SupinationLearn more about diagnosis, treatment, and prevention
Could I supinate?
To start finding out, take a closer look at where you feel pain.
What areas of my body hurt?
A Outer thigh
D Outside of foot
E Achilles tendon
What is supination?
As part of a normal stride, your rear-foot should roll inward a bit after your heel hits the ground, cushioning the impact and helping you adapt to uneven surfaces. That's called pronatio
But if your rear-foot doesn't roll in far enough, or seems to roll outward, that's supination. When that happens, your foot no longer properly absorbs the shock of each step.
Supination, or under-pronation, is common among people with high arches or tight Achilles tendons (the stretchy bands of tissue that connect your calf muscles to your heels).
Supination is considered natural for some people, but it places extra stress on your foot and leg that can cause problems elsewhere. That's because the shockwave from your heel strike isn’t absorbed properly and the outside of your foot bears the full force of your step's impact.
Underpronating can cause:
Think you might supinate? TAKE THIS SELF-ASSESSMENT
- Ankle sprains or pain?
- Pain or swelling in my knee?
- Muscle tightness or inflammation in the outer thigh or knee?
If you answered yes to any of these questions, you show symptoms that may be caused by supination. Take the next quick quiz to find out if you are at high risk for supination.
- High arches?
- Tight Achilles tendons?
- Toes that turn inward (pigeon toes)?
If you answered yes to any of these questions, it's possible your symptoms stem from supinating.
Now, pull out a well-worn pair of your running or walking shoes.
- Show uneven, heavier wear on the outside edge of the sole?
- Tilt outward when placed on a flat surface?
If you answered yes to either of these questions, you likely supinate. Make an appointment with a podiatrist to confirm your condition. Keep reading for recommendations on treatment and relief from the experts at FootSmart.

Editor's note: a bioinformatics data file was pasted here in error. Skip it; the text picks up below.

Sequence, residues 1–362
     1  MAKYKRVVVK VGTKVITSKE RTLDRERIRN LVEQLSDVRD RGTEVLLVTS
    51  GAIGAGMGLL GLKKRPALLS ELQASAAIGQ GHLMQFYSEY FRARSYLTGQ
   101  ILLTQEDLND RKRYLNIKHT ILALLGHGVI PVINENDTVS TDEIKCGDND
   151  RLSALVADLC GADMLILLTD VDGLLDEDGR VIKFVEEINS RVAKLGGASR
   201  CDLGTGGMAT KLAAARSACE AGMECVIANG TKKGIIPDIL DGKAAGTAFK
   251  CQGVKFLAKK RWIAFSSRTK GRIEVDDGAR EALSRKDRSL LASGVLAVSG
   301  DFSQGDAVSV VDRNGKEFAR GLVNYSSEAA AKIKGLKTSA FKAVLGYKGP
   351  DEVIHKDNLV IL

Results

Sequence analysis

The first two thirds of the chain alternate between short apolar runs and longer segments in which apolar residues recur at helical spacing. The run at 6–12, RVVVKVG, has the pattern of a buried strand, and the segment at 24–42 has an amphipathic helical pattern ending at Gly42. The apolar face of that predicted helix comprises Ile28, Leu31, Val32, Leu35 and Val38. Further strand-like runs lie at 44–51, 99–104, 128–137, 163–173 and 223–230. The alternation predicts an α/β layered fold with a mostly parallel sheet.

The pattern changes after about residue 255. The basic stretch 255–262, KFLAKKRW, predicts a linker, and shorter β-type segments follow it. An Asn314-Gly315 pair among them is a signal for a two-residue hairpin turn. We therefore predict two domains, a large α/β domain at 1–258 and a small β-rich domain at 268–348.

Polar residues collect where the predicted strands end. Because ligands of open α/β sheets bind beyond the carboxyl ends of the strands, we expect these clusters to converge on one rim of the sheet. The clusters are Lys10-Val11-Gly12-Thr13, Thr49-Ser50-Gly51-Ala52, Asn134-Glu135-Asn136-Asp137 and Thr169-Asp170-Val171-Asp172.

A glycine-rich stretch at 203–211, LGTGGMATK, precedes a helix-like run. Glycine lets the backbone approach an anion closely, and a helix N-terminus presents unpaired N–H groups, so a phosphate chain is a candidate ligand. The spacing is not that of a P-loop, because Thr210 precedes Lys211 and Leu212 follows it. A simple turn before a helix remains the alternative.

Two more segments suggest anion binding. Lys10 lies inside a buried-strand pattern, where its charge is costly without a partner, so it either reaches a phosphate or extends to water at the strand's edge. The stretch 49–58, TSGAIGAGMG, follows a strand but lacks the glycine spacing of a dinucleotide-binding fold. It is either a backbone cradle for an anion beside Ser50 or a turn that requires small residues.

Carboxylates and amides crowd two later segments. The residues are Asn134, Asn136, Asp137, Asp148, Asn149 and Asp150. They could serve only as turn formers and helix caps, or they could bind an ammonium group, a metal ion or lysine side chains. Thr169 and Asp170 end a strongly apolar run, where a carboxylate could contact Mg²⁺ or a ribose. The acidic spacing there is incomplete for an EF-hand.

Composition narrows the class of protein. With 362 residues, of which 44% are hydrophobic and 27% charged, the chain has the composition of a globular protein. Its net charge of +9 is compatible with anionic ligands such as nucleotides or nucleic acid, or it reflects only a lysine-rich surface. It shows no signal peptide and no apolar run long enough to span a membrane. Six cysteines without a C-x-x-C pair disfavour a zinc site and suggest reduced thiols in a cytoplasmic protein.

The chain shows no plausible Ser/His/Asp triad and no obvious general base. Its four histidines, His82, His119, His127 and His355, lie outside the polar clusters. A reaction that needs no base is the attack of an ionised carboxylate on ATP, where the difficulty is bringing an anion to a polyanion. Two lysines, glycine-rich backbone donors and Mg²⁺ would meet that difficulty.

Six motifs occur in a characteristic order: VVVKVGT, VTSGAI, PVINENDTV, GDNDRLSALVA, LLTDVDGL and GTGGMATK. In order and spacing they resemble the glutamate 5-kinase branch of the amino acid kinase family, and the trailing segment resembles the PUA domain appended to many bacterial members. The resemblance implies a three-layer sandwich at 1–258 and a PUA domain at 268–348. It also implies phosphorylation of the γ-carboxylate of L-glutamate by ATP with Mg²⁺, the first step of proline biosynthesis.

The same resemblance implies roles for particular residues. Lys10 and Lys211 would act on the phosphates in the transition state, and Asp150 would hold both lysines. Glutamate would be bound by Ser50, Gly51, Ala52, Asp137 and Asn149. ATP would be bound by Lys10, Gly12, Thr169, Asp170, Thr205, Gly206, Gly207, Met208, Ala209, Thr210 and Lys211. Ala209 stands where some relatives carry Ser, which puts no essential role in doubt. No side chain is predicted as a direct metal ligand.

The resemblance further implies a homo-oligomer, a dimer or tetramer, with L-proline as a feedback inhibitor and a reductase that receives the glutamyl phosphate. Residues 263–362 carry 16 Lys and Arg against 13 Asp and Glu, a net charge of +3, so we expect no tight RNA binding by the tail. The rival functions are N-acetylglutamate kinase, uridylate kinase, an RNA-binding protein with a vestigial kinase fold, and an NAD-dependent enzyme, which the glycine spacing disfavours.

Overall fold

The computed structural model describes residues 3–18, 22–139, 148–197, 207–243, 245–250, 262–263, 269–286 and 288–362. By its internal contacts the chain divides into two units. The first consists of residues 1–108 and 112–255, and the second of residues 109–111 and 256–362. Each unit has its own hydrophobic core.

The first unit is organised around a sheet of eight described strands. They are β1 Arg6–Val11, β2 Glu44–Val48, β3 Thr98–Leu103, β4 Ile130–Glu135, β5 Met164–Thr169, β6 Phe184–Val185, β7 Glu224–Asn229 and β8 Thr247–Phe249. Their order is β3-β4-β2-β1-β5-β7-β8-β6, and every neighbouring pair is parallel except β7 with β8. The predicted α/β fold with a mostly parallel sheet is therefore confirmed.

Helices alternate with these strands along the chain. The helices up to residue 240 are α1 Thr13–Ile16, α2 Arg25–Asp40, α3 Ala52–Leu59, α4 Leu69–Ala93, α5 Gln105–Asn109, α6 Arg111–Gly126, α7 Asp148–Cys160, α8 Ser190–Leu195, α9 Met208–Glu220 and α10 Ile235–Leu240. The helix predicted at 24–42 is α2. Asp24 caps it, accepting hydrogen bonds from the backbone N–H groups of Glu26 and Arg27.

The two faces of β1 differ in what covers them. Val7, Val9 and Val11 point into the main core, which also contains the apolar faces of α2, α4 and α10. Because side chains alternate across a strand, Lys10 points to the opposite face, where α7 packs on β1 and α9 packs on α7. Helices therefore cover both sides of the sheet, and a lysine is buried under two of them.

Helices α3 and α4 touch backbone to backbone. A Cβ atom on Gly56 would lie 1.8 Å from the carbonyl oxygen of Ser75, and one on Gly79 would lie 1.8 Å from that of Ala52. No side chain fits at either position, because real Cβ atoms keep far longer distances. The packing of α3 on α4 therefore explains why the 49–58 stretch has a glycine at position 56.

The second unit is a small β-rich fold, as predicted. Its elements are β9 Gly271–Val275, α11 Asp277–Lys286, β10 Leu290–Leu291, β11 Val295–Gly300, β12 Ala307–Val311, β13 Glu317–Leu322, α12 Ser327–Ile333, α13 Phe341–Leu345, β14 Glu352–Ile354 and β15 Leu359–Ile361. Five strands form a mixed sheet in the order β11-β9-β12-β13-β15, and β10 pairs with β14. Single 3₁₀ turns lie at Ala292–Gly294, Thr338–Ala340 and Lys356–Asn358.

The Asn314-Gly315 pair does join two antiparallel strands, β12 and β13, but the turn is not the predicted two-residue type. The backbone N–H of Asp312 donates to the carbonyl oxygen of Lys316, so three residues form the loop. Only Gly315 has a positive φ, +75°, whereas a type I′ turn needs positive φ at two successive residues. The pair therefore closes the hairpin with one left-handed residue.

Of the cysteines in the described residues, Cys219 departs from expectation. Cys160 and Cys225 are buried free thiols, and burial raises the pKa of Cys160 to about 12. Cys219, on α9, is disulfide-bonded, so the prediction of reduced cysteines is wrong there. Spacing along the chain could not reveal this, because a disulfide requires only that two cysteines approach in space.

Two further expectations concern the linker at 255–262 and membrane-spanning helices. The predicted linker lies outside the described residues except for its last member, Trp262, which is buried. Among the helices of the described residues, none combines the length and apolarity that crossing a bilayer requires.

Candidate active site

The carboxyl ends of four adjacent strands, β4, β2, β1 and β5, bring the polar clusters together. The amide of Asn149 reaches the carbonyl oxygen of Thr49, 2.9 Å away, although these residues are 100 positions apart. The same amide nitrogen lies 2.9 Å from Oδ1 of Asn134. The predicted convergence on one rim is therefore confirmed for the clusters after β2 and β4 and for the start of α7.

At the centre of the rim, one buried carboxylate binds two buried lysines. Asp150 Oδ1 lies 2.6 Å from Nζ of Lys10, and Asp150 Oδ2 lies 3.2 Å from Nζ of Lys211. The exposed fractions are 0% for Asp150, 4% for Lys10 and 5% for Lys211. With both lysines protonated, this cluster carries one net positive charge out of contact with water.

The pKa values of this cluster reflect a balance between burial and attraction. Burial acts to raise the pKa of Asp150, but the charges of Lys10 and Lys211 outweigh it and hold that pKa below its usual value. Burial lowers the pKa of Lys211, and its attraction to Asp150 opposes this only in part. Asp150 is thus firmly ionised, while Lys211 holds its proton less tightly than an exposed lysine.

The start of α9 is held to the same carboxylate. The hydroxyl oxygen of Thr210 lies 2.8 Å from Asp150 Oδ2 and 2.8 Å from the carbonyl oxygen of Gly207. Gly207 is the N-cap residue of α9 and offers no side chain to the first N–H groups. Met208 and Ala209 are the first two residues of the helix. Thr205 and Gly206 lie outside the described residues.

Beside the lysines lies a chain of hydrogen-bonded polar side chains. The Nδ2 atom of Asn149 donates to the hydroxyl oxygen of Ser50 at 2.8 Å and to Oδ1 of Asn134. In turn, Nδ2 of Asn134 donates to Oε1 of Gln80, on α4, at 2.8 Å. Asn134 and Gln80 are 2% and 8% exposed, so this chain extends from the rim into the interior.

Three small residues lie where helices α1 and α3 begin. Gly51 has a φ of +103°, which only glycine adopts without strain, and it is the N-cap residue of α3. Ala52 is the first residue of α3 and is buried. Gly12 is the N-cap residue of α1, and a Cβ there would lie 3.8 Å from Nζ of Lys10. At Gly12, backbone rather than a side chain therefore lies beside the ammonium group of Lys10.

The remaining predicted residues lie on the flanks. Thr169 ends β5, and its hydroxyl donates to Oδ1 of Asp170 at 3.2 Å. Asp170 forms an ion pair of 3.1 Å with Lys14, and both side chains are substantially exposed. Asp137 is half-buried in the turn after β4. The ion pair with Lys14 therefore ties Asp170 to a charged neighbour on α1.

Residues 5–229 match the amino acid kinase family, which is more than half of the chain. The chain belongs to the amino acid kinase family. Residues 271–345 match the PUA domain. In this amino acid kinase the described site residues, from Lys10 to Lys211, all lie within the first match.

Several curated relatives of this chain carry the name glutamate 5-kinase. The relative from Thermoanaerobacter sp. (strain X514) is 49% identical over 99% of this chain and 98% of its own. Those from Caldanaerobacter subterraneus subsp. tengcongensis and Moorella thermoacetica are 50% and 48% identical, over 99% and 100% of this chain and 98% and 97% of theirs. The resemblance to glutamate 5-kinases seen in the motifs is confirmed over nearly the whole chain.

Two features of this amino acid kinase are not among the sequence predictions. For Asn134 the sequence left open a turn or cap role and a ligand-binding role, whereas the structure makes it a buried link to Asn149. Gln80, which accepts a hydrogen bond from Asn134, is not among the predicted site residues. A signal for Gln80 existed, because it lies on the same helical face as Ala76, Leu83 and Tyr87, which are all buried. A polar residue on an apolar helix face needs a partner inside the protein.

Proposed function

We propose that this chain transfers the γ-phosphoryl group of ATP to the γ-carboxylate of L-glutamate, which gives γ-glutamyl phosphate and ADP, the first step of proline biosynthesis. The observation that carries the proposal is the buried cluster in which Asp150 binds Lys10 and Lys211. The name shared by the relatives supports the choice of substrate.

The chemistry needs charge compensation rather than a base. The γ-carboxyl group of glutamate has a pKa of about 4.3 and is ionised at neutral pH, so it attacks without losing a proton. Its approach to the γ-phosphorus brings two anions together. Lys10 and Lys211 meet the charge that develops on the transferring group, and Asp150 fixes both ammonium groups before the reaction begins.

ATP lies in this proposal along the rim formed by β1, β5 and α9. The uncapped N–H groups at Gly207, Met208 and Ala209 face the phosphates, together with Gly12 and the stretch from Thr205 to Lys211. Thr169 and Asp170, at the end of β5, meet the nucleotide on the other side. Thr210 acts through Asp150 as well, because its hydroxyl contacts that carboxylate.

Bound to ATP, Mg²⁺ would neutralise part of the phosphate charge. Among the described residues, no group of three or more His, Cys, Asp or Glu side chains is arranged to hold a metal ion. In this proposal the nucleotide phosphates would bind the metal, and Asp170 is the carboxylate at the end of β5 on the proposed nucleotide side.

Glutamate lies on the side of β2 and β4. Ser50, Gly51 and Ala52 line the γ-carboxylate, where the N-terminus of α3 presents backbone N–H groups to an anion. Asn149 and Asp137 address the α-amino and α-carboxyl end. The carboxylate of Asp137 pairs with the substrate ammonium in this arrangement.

ARE THERE ANY SERIOUS CONCERNS WITH supination?
Repetitive injuries are the biggest concerns with supination. If you supinate, you may end up with recurrent Achilles tendonitis, swollen painful knees, or outer thigh pain. If left unchecked, those injuries will worsen over time and may lead to stress fractures.
Supinators also have a tendency to roll and sprain their ankles, since they are placing so much weight and pressure on the outside and rear of the foot. It is a vicious cycle, since sprains weaken the ankle, leading to more sprains. A moderate to serious sprain could keep you off your feet for weeks.
How do I treat supination?
Supination may just be part of your natural gait. But you can correct it—and avoid the many associated effects—with some simple measures. Your podiatrist will help you determine the best next steps for you. Here are the recommendations from the experts at FootSmart.
- Extra cushioning, to help absorb the force of impact.
- A straighter instep shape—called a last—to control inward motion and counter supination.
- Flexibility and lightweight materials, to allow for more foot motion.
Also consider the following remedies to help correct your supination, stabilize your feet, and reduce pain.
- Use deep heel cups.
- Use orthotics and insoles.
- Replace worn shoes diligently.
- Use lateral heel wedges—inserts that stabilize your heel to keep your foot from rolling in or out.
- Do extra stretching of calves, hamstrings, quads, and outer thighs, including your iliotibial band, which runs from your hip to just under your knee and helps stabilize the knee while running.
If you suffer frequent ankle sprains or pain, you should also:
- Wear ankle supports.
- Wear high-topped shoes that extend up over your ankle for athletic activities.